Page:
Stroll Down 'Memory Lane'
How much does it cost to make an independent film?
If you ask writer/director Shawn Holmes, he will tell you it cost less than $300 to produce Memory Lane (2012). According to the filmmaker, he spent $280 on food for his actors and $6 on a 4-ounce bottle of fake blood. From a visual bang-for-your-buck standpoint, Memory Lane has to be one of the elite modern-day Indie Films. Unfortunately the story doesn’t quite resonate.
Nick Boxer (Michael Allen) returns home from serving in the Armed Forces and is suffering from post-traumatic stress disorder. One night he meets a young woman named Kayla (Meg Barrick) who is awkwardly standing alone on a bridge. He quickly deduces it is Kayla’s intention to commit suicide by hurling herself into the river below. Boxer interrupts her, but later finds himself falling for the mysterious woman.
Boxer and Kayla’s love affair blossoms, so he purchases a house for them to live in together, and shortly afterward he buys Kayla an engagement ring. Sadly, the torrid romance ends abruptly when Kayla does finally kill herself in the couple’s bathroom tub. Distraught, Boxer finds Kayla’s wrist is sliced open, but he is convinced she has been murdered!
Desperate to find Kayla’s killer, Boxer convinces his friends to stop his heart through electrical shocks which effectively kills him. This process allows Boxer to revisit crucial memories, so he can uncover clues and discover what really happened to the love of his life. Unfortunately, his perilous excursions are quickly deteriorating his body.
Can Boxer cheat death long enough to discover the enigma surrounding his fiancée’s perplexing death?
The film feels a little bit like Flatliners (1990), and it is also akin to The Butterfly Effect (2004). Firstly, Boxer is obsessed with killing himself (Flatliners), so he can return to “memory lane.” Secondly, he is desperate to repeat this process because he is convinced doing so will help him save Kayla’s life (The Butterfly Effect). The manner in which the script is written, however, does nothing to indicate Boxer’s actions will ever undo the heinous event.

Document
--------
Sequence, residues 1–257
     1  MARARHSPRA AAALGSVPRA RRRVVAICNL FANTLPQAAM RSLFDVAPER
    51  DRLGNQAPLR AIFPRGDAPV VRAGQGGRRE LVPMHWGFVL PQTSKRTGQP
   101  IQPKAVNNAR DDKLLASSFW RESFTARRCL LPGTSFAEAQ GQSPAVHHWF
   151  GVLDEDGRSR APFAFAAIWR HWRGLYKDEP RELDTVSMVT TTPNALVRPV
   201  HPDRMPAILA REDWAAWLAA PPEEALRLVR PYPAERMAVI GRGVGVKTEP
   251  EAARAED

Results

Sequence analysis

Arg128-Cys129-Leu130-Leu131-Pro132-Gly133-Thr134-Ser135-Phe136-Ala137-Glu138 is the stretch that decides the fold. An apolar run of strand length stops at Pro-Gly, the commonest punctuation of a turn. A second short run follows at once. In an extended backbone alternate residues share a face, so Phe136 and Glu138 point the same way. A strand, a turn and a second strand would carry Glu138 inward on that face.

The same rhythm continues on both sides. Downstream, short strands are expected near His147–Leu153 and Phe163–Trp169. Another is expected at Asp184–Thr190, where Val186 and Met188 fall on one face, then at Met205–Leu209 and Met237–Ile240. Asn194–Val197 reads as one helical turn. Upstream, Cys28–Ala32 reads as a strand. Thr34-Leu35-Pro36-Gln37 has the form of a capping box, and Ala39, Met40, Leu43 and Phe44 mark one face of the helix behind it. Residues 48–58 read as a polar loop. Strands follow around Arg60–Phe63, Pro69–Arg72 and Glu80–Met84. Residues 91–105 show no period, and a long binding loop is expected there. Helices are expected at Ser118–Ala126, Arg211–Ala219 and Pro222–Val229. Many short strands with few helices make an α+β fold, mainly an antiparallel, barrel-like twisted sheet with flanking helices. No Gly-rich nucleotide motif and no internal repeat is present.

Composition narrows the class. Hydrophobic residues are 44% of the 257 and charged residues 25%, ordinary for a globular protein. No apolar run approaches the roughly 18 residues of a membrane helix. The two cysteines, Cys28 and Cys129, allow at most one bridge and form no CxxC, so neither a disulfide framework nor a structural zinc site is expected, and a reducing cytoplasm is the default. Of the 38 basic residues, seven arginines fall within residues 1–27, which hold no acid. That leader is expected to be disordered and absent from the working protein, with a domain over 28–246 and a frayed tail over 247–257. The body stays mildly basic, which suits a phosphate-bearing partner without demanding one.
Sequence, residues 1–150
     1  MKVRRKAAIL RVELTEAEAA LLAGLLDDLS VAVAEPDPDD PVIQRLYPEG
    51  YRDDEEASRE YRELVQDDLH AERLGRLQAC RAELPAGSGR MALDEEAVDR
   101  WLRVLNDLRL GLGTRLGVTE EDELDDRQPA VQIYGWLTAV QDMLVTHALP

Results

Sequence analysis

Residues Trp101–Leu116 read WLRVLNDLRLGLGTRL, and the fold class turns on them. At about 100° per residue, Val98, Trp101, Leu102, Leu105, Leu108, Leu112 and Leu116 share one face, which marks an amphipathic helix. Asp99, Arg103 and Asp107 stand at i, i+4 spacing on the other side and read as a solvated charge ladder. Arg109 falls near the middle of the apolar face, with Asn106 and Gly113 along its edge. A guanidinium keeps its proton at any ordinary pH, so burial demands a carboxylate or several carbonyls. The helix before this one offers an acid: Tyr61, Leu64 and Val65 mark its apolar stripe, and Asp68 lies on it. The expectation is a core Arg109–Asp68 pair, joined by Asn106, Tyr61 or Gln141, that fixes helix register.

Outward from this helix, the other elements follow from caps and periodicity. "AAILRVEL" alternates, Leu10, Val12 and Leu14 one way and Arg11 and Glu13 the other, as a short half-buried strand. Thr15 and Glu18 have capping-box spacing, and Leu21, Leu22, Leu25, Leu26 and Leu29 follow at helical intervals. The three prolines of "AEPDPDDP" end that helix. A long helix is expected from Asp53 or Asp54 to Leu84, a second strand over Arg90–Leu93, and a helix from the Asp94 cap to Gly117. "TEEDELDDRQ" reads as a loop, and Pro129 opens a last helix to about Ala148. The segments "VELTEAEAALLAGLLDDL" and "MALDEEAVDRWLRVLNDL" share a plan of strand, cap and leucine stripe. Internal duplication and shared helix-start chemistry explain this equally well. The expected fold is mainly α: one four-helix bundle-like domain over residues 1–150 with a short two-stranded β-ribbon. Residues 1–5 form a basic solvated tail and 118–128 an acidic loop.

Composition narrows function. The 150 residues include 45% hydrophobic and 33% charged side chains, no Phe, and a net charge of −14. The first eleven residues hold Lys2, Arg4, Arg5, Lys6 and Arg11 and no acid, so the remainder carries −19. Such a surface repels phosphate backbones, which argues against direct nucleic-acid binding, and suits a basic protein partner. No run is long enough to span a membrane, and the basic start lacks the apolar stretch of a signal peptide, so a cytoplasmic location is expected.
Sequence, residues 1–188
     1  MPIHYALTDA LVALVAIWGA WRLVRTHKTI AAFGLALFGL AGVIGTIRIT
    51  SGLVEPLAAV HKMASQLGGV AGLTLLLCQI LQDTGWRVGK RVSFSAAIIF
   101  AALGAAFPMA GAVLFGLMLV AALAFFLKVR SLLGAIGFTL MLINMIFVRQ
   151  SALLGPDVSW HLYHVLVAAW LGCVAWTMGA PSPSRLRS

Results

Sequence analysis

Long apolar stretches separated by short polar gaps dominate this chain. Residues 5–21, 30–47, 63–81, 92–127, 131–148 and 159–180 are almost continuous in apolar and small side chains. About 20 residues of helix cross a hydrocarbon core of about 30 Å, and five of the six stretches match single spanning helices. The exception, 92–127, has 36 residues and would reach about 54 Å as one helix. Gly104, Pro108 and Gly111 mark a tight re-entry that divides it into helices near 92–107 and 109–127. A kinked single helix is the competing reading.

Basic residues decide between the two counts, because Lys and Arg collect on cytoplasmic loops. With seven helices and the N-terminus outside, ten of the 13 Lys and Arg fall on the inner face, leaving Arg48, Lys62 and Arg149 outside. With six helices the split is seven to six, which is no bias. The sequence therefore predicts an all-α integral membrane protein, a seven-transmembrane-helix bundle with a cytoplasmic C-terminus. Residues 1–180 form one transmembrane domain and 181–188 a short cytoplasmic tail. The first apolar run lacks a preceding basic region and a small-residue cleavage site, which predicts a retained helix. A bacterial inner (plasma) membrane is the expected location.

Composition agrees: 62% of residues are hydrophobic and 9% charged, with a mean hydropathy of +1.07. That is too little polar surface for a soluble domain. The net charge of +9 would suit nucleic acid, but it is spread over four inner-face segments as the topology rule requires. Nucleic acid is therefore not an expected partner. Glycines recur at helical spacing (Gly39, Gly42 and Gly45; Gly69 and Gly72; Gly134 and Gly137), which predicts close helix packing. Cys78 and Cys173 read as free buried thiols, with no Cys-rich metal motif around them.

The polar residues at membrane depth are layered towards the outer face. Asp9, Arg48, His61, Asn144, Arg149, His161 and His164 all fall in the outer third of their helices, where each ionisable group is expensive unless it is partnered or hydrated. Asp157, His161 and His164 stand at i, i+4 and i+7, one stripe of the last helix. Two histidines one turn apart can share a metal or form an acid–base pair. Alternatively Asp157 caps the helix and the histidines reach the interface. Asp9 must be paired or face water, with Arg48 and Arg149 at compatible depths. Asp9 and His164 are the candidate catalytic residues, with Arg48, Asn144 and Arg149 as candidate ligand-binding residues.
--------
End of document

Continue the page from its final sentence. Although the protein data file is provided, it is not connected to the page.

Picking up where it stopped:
The fact is each time Boxer returns from his deadly jaunts nothing has changed for him, and there aren't any ripples in time which have altered the present upon his return. Yes, his friends are always freaked out because he kills himself repeatedly, but Boxer's journeys change nothing in the present, ever. This is an enormous hole in the story if the filmmaker is trying to convince an audience the protagonist is actually traveling back through time with a chance of altering the past. There just isn't any evidence to support Boxer’s trips will enable him to save Kayla.
Holmes reveals in the DVD’s commentary that the majority of the film, from the point Boxer first kills himself until the very end, is one large “memory lane.” This is where the picture gets a little too clever for its own good.
Actor Robert Englund once said in an interview that the entire film A Nightmare on Elm Street (1984) was a precognitive nightmare the heroine Nancy (Heather Langenkamp) dreamt. If Englund's opinion is correct, nothing Freddy (Englund) did in the movie had happened yet. According to Englund, Freddy is just fixing to begin his killing spree as the convertible, featuring Freddy’s stripes, drives away at the end.
This was Englund’s intellectual attempt to explain Elm Street’s multiple and confusing endings. It appears Holmes is trying a similar type of cerebral ploy when it comes to Memory Lane. Yes, almost everything in Memory Lane has apparently already happened, but so what? It is an interesting theory, but it doesn’t answer the question: Can Boxer’s actions save Kayla’s life?